Mr. Erdogan, this may not be immediately obvious, but an admission by your Government that the Ottoman Turks were fully responsible for the Armenian Genocide would have a huge and lasting impact.

Turkey and Armenia, and the relationship between the two would benefit enormously. The people of Turkey today have nothing to lose, nothing to fear. Indeed, an official recognition of and apology for the Armenian Genocide by you can only be positive. It would lift the shadow of the albatross.

There are important differences between Armenians and Turks but there are also similarities. Armenians and Turks both have a European aspect to their way of life intertwined with strong ties to their respective heritages. Both Armenians and Turks are hospitable by nature and readily welcome strangers into their home; they often share similar physical characteristics, share a similar cuisine and share a similar sense of humor. We all know Armenians call the coffee they drink Armenian coffee and the Turks call the exact same coffee Turkish coffee. We can all laugh about this.

My mother, who grew up speaking Turkish and Armenian in her home, still quotes Turkish proverbs. I still call my uncle “dai dai,” the Turkish word for a maternal uncle.

Mr Erdogan, two peoples cannot survive and flourish for centuries and in relative harmony without an appreciation of and a deep respect for each other’s culture.

I’d like you to put yourself in the shoes of an Armenian. You’re the same person, you’re the same age, have the same siblings but you’re Armenian and you live outside of Turkey. Which means the horrific accounts from your relatives would be seared into your memory. Which means you probably have family spread across Armenia, Lebanon, the US, France or Australia. Which means you heard how your mother’s family was decimated in the desert plains of Syria and how your father’s family tried to flee but that only he and his baby sister, your delightful “tantig” or aunt Anahide, survived.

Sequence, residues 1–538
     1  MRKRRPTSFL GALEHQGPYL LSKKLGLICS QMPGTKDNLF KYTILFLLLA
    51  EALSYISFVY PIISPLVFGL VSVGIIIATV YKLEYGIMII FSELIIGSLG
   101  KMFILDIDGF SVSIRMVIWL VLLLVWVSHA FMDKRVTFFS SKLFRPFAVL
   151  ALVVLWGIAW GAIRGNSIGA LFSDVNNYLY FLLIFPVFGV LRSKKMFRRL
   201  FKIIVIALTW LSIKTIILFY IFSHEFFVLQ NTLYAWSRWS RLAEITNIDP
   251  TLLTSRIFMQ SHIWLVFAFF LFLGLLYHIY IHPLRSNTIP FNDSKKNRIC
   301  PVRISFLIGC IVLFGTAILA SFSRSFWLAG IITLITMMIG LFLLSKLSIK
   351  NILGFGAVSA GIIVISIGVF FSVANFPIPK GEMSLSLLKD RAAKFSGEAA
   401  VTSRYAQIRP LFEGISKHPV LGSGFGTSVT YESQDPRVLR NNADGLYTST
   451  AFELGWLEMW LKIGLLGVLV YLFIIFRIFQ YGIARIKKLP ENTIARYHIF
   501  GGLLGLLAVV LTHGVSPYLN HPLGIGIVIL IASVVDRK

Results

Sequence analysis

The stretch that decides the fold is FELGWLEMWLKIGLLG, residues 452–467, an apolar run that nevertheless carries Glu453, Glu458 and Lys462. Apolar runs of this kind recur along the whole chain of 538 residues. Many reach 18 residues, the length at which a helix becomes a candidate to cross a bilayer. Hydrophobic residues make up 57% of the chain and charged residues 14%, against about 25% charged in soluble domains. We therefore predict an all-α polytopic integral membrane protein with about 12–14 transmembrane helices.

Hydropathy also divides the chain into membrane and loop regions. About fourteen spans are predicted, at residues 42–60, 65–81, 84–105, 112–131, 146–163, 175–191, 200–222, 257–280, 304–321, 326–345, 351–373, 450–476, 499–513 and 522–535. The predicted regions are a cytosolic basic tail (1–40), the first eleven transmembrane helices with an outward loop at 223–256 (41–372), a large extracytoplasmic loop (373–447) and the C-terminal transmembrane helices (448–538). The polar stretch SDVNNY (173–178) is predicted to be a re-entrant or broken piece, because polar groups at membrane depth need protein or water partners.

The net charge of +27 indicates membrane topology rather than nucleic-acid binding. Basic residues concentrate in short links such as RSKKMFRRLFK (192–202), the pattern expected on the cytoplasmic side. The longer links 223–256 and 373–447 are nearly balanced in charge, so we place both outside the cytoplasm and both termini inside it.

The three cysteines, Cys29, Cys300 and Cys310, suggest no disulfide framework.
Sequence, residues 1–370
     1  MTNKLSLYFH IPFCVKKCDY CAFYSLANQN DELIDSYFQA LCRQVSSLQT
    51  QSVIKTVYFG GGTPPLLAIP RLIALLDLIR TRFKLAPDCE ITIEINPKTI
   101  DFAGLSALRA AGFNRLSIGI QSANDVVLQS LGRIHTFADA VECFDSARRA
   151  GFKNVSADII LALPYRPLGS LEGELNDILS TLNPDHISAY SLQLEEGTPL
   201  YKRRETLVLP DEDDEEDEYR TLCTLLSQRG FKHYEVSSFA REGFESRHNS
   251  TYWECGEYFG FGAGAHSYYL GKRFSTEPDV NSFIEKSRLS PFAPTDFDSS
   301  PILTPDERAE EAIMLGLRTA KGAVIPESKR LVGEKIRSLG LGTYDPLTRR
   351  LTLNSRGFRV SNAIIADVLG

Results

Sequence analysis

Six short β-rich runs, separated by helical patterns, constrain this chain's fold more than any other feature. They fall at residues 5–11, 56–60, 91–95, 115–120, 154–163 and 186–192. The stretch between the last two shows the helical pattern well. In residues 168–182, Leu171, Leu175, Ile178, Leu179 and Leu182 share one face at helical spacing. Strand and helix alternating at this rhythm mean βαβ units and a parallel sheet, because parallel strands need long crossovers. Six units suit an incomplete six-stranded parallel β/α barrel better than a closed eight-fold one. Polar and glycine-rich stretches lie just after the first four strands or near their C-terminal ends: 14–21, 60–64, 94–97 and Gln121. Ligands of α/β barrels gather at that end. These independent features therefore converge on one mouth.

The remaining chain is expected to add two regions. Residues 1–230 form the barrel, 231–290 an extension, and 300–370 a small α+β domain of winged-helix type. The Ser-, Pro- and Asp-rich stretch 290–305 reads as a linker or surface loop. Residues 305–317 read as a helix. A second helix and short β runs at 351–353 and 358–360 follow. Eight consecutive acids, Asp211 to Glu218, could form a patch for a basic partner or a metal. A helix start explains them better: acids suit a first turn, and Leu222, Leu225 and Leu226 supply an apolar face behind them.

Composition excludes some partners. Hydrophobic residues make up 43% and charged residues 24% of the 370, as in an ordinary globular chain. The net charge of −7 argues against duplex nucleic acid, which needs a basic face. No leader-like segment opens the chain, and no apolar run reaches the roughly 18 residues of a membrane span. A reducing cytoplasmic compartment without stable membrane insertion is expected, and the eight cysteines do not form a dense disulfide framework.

You develop a thing for Turks. Every time you meet a Turk or hear a Turk speak on television, your mind instinctively goes back to 1915. It was a long time ago, you weren’t there and they weren’t there, but you can’t control how you think.

Growing up in Australia, there was a Turkish boy in my year at school. My mother knew from his surname that he was Turkish. He and I got on well enough and were polite to each other but even as an 8-year-old I could feel a barrier between us. One afternoon, he invited me over to his place to play. We walked inside and it looked and smelled like our house except darker. I was petrified.

Years later, on starting a new job I was introduced to a colleague. I knew instantly from his name that he was Turkish. Again, we were civil and polite to each other but that barrier was there again; there was a distance between us, a lack of natural warmth.

It doesn’t have to be like this Mr. Erdogan.

There are 50 days to go. In 50 days, Armenians and non-Armenians the world over will stop to commemorate the 100-year anniversary of the Armenian Genocide.

With a few simple words as the President of Turkey, you have the power to do what is right, to change the course of history and to make a real difference.

The choice is yours.

Be brave Mr. President.

Best regards,

Aram Margarian


Aram Margarian is an amateur writer who writes mainly about sport but occasionally branches out into other areas. He is as proud to be Armenian as he is to be Australian. He has discovered that shaving before catching a flight in the US still makes him the randomly searched guy 100% of the time. He drinks lattes, always adds bacon and rants as @LordAram on Twitter.